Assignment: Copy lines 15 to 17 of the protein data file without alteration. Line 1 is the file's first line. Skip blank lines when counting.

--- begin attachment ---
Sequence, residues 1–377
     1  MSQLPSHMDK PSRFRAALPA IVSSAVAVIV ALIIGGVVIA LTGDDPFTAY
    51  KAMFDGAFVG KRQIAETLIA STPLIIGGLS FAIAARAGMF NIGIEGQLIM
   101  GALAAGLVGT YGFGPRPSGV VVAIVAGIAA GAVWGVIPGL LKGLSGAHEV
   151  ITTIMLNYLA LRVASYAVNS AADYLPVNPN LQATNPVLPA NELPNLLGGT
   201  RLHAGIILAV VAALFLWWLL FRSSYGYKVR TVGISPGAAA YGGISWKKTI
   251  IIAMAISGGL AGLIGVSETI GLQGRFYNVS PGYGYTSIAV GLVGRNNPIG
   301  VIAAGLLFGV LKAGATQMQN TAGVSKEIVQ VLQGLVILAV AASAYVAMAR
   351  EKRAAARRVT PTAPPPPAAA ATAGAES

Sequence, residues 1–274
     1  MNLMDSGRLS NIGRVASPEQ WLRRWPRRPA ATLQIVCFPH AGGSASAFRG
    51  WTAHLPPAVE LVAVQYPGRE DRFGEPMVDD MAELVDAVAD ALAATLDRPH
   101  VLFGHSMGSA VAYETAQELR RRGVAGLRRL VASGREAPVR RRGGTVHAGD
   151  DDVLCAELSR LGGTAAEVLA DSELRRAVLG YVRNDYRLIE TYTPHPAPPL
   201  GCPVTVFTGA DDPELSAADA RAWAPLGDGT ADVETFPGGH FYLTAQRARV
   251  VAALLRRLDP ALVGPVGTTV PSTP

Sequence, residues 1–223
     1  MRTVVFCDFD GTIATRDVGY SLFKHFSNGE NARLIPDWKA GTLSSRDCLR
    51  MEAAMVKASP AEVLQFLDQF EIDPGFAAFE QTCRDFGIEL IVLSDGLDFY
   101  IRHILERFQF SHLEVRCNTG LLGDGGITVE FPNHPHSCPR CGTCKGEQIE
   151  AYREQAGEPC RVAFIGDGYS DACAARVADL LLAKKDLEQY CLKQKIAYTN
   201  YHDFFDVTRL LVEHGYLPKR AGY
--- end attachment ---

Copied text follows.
   201  GCPVTVFTGA DDPELSAADA RAWAPLGDGT ADVETFPGGH FYLTAQRARV
   251  VAALLRRLDP ALVGPVGTTV PSTP

Sequence, residues 1–223